Moving along, our next port of call was KDE Plasma. This basically works.
You can enable this either with something likeswitchdesk
, which is a little antiquated, or simply puttingexec startplasma-x11
(or, I suppose,startplasma-wayland
, or these alternatives). I was able to get a theme that was good enough working. I know of others using it with Fedora, and it's probably the best secondary and supported option other than GNOME.
I don't have any screenshots of Xfce in F36 yet, but I was experimenting with it on the Talos II for F35, so I have high confidence that continues to work as well. The same is likely true for LXDE.
I also did a couple oddball WMs just for fun and for some new ideas. Other than wmx, which was possibly a little too bare, surprisingly these are more functional than you might think. The first was WindowMaker.
If WindowMaker looks like NeXTSTEP, it's no coincidence since it's a deliberate recreation of the interface. I'm very used to it since my SAIC Galaxy 1100 (a HP PA-RISC 9000/712 "Gecko" workstation in a MIL-SPEC portable case) runs NeXTSTEP 3.3. It's also stonking fast and has little baloney compared to most other window managers, but the interface is not designed to be particularly configurable other than individual menu options and cosmetic themes, and it's not very Mac OS X-like (because Rhapsody, Mac OS X and macOS aren't very NeXT-like). There is a Fedora package for it. Putexec wmaker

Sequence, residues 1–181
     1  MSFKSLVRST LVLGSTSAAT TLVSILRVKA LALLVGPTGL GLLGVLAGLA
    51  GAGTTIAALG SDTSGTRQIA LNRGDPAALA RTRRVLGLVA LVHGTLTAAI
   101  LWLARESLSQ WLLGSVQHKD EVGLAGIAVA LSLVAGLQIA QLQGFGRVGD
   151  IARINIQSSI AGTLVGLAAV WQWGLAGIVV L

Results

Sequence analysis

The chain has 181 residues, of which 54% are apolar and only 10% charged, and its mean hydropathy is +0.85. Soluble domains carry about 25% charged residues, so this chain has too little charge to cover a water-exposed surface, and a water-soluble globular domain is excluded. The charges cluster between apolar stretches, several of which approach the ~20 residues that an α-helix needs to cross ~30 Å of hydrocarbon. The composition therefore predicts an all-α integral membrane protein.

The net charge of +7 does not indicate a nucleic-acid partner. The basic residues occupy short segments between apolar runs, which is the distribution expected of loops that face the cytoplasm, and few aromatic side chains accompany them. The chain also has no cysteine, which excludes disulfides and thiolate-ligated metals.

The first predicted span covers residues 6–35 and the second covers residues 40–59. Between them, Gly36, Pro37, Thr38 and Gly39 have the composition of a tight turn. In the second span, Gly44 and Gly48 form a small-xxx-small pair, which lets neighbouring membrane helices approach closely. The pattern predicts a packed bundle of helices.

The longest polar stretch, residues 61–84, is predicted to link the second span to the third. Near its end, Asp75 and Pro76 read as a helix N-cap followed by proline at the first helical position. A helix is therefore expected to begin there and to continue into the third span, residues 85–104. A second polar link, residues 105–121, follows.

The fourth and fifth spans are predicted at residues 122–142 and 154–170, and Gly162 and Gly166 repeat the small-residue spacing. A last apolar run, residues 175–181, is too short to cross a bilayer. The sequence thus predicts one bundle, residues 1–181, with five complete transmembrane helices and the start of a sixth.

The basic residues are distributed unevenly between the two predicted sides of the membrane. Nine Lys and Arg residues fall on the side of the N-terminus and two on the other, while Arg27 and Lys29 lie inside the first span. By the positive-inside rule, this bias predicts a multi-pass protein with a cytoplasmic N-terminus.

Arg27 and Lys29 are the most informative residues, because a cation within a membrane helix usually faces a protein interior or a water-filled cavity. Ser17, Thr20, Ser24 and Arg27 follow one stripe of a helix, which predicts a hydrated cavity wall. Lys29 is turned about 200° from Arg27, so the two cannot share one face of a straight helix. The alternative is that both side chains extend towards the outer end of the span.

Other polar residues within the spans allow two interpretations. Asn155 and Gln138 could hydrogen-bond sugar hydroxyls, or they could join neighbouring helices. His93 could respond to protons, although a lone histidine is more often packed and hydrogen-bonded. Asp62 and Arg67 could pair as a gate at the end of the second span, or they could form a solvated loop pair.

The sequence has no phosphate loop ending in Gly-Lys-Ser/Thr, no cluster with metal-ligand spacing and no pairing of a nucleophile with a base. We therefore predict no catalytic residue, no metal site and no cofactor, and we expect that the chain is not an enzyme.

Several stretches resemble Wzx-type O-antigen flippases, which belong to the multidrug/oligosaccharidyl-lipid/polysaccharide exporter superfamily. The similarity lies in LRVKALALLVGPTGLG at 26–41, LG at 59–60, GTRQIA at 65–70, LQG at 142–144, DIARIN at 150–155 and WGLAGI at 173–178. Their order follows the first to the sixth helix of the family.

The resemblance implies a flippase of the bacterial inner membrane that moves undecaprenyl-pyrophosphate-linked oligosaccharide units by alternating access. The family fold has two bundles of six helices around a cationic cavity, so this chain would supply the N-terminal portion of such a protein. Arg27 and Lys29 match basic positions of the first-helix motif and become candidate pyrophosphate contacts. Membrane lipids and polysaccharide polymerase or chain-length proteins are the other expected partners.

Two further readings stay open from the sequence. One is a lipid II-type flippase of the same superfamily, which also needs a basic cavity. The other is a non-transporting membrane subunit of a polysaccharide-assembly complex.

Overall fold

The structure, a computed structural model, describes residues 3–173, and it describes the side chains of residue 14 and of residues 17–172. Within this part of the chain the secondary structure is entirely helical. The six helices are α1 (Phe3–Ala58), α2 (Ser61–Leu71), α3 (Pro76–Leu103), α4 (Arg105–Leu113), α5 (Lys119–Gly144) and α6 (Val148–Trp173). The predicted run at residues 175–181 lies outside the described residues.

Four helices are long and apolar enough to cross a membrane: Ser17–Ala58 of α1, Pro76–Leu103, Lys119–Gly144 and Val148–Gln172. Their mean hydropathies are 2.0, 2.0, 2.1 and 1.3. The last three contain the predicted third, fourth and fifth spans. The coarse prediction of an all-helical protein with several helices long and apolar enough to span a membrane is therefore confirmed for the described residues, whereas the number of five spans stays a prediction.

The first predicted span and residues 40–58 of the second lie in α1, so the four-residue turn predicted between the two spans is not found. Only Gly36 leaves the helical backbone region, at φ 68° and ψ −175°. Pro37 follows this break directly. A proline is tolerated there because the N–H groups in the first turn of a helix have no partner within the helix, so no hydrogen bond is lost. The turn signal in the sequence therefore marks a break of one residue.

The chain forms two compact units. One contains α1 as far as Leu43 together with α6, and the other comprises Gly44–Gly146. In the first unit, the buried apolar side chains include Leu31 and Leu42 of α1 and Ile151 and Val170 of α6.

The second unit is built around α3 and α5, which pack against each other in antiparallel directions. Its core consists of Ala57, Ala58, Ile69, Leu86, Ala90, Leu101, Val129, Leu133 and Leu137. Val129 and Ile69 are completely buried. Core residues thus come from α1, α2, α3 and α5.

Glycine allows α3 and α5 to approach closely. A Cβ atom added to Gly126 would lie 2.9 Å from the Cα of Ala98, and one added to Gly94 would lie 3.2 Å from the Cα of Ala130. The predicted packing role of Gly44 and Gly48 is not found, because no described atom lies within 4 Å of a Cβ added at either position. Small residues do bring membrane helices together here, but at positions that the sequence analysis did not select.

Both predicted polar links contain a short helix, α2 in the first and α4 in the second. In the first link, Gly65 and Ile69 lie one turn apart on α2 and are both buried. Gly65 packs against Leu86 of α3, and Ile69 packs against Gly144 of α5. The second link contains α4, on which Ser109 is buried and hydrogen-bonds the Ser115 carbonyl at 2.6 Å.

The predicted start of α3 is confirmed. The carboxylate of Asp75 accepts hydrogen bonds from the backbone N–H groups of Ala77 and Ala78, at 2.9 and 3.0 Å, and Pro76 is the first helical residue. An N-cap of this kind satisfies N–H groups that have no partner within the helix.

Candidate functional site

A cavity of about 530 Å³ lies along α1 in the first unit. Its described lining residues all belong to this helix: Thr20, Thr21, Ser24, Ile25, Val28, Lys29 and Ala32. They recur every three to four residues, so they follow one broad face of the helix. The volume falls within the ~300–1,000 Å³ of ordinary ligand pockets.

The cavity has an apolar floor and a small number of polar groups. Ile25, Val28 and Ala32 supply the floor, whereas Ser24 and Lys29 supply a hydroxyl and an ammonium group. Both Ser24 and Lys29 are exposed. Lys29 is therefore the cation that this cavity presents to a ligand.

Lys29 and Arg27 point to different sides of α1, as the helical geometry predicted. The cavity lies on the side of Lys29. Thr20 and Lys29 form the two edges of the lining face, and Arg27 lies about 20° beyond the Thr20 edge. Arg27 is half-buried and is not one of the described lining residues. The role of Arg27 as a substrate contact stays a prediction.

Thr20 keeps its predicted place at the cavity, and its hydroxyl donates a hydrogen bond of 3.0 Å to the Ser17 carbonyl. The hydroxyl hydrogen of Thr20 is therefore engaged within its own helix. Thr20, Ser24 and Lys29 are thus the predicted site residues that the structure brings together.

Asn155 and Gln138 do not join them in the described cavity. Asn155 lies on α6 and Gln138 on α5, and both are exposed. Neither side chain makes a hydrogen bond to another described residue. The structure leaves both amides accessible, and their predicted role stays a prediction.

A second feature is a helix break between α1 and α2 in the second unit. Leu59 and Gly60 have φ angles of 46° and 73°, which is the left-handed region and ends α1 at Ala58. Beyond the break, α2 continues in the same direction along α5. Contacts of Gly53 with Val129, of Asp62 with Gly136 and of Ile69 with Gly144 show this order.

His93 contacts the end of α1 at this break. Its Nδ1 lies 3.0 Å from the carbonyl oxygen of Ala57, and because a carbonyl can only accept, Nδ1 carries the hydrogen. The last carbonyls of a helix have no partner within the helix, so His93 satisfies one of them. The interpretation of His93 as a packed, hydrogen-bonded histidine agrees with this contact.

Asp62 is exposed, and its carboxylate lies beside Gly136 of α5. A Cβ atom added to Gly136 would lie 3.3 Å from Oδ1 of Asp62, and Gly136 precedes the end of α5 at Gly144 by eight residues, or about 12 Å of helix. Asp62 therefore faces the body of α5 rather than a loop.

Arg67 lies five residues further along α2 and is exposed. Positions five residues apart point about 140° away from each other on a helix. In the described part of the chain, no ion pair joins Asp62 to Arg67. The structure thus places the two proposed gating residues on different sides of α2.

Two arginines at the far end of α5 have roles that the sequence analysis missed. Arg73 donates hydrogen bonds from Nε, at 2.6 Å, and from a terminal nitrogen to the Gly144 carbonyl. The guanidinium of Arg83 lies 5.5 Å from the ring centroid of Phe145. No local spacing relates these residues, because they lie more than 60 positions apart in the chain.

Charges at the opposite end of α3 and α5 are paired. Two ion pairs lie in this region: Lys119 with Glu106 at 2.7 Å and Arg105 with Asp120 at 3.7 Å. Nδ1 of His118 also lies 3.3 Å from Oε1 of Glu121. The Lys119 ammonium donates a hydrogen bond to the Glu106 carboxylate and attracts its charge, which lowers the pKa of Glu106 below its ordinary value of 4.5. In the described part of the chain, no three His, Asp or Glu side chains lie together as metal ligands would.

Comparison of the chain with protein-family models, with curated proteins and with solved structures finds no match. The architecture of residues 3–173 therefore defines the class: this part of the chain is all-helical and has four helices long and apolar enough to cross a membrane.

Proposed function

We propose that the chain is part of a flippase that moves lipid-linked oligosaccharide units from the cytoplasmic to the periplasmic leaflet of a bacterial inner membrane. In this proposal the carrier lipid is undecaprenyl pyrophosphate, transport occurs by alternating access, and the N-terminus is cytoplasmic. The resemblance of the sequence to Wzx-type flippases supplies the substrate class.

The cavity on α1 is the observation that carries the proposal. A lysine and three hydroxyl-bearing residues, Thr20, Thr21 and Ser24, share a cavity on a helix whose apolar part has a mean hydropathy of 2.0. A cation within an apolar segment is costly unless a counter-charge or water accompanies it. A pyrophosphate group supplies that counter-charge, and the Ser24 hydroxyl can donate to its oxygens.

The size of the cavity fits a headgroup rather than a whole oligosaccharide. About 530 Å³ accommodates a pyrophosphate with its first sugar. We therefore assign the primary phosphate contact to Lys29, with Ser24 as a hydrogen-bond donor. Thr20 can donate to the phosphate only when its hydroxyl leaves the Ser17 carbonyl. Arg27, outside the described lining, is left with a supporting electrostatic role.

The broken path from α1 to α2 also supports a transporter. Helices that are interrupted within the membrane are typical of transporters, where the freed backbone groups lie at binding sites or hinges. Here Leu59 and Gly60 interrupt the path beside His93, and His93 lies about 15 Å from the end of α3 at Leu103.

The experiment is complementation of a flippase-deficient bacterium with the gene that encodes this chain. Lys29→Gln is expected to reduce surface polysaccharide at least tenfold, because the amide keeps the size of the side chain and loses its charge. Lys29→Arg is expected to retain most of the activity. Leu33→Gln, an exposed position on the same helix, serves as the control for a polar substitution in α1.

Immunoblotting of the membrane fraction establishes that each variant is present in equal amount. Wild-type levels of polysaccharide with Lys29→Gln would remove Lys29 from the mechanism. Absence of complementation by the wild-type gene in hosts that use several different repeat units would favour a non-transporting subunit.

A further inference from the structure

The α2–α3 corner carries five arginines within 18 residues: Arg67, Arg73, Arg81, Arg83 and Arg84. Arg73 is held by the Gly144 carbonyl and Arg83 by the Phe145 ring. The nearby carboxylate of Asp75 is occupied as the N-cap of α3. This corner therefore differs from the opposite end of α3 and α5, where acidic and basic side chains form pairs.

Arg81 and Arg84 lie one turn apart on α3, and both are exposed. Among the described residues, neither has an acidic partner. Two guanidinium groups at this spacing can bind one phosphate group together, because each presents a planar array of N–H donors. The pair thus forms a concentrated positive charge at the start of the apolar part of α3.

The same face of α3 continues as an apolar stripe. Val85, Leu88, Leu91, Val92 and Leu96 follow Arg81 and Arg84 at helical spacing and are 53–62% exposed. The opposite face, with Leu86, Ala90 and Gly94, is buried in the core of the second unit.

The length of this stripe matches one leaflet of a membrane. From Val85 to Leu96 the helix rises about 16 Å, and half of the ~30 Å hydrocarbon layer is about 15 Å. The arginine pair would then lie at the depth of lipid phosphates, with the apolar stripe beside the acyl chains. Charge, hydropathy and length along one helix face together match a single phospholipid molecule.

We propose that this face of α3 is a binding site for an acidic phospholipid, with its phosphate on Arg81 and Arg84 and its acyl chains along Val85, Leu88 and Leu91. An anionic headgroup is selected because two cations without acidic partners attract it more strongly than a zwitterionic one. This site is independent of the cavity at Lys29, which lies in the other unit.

The other oddball window manager I've played with so far is amiwm. Yes, this is an Amiga Workbench clone. There is no Fedora package for it; I built it from the source code on the Lysator FTP site (Lysator brings back memories since NannyMUD was single-handedly responsible for lowering my undergraduate grade point average freshman and sophomore years), though there seem to be a few patched-up versions on Github. In operation it's pretty much exactly what it says on the tin, screens, gadgets, requesters, Workbench menus and all:
And the damn thing not only works, it's even swifter than WindowMaker and does have the close button on the left. Maybe I've found a modern Amiga I do want. Anyway, the upgrade seems to be good. Go to it.